Persimmon 101: The Nutritional Powerhouse You’re Not Eating
by Jennifer Krohn, MS RD

 

As summer has come to a close, we find ourselves missing the delicious fruit and vegetables we have been accustomed to over the past few months. However, we welcome a fall harvest that brings a bounty of new and familiar flavors. We can start enjoying winter squashes like pumpkin and butternut squash, hardy greens, and of course all different types of apples and pears. One of my favorite, and less common fall fruits that is in season for a short window, is the persimmon. The two most well-known varieties are the Hachiya and Fuyu persimmons.

HACHIYA PERSIMMON

The Hachiya persimmon has a soft and sweet flesh when ripe that can be used in place of jam and is often used in baked goods, similar to how pureed pumpkin is added to breads, muffins, and other desserts. This variety should only be eaten when fully ripened, otherwise it can be unpleasantly astringent (thanks to the high levels of tannin) and leave an unpleasantly puckery, furry feeling in your mouth. You’ll know it’s fully ripe when it’s very soft and squishy, like a water balloon.

HOW TO EAT

Simply remove the calyx or stem at top and scoop out the soft, juicy flesh with a spoon. Or you can split it in half and use your teeth to scoop out mouthfuls. Either way, prepare for a delicious mess.

FUYU PERSIMMON

The heart-shaped Fuyu persimmon has a sweet mild flavor, and a more crisp texture that is delicious eaten by itself or can be a great addition to a salad. Unlike the Hachiya, which can only be eaten when it’s SOFT, this Fuyu variety is meant to be eaten hard.

HOW TO EAT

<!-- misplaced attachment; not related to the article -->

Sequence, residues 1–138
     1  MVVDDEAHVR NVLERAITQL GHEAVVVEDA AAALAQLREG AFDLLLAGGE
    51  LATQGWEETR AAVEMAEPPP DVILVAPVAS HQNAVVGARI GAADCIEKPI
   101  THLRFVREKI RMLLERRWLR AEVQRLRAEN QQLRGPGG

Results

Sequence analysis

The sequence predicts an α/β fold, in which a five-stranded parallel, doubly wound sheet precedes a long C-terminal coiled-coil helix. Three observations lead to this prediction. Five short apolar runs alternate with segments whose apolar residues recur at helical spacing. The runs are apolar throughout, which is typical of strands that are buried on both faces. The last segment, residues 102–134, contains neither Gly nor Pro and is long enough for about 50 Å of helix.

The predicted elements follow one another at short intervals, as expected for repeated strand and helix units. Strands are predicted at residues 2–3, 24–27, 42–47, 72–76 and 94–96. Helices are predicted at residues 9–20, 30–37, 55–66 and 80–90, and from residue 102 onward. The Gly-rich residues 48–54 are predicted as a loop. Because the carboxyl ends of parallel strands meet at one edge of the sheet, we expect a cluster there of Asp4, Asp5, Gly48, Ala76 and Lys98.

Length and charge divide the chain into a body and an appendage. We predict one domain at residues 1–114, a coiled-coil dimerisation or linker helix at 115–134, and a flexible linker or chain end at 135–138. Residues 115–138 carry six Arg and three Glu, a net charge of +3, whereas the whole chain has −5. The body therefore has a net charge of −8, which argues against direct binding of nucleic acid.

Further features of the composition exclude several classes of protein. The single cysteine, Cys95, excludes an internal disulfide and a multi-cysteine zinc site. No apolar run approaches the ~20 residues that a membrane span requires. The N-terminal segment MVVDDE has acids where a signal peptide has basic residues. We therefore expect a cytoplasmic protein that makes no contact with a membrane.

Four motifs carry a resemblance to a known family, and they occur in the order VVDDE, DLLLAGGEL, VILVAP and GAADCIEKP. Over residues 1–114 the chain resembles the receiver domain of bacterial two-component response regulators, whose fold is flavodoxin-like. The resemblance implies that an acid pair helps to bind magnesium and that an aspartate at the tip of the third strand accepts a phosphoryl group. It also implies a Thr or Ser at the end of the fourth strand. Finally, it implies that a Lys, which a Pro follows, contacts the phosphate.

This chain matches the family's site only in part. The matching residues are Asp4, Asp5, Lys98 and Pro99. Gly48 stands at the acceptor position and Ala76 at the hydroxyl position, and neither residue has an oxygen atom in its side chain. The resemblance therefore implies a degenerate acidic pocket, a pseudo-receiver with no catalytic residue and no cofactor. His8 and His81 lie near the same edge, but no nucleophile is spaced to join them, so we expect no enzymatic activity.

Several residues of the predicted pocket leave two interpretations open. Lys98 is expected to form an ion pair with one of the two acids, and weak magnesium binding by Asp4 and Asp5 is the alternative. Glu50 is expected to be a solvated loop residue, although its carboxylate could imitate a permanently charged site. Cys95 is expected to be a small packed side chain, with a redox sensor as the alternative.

Once the stem is removed, you can bite into it and eat it just like you would an apple. It’s totally okay to eat the skin or you can peel it – your choice. It’s also great eaten in slices or tossed in a salad.

NUTRITIONAL PROFILE OF PERSIMMONS

1. Vitamin C – Vitamin C is an important antioxidant that may help to protect against heart disease and cancer.
2. Vitamin A – Found in the bright orange pigment of the fruit, Vitamin A is essential for our vision.
3. Dietary fiber – like most fruits and vegetables, persimmons are a good source of dietary fiber which help aide in digestion, lower blood sugars, cholesterol and keep us full.
4. Phytochemicals – persimmons contain catechins and gallcatechins which may help to reduce risk of cancer, cardiovascular disease, diabetes and other illnesses.

If that’s not enough reason to try a persimmon, they also taste great. If you are looking for an innovative side dish for Thanksgiving, here are some links to fun recipes involving persimmons:

SPINACH AND PERSIMMON SALAD

Courtesy of MyRecipes.com

 

 

 

 

 

 

 

 

PERSIMMON-CRANBERRY SAUCE
*Note: If you are looking to cut back on the sugar content of this recipe, you could reduce the honey which will just result in a more tart cranberry sauce.

Courtesy of DeliciouslyOrganic.net

 

 

 

 


 

 

 

 

 

 

 

 

 

 

 

 

 

ABOUT THE AUTHOR

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Jennifer Krohn, MS RD, is a registered dietitian and NASM certified personal trainer. Jennifer earned her Masters degree of nutritional science from New York University. She has been working at the Veteran’s hospital for the past 6 years helping veteran’s achieve their health goals through improved nutrition. Jennifer specializes in weight management, diabetes counseling, as well as nutritional management of various chronic conditions. As a prior marathon runner, she has a passion for sports nutrition and has led workshops for athletes and coaches through Team In Training. She practices dietetics full time and spends the rest of her free time working out at Barry’s Bootcamp and cooking up new recipes.

Follow her on Twitter: @JenniferKrohnRD and connect with her at LinkedIn.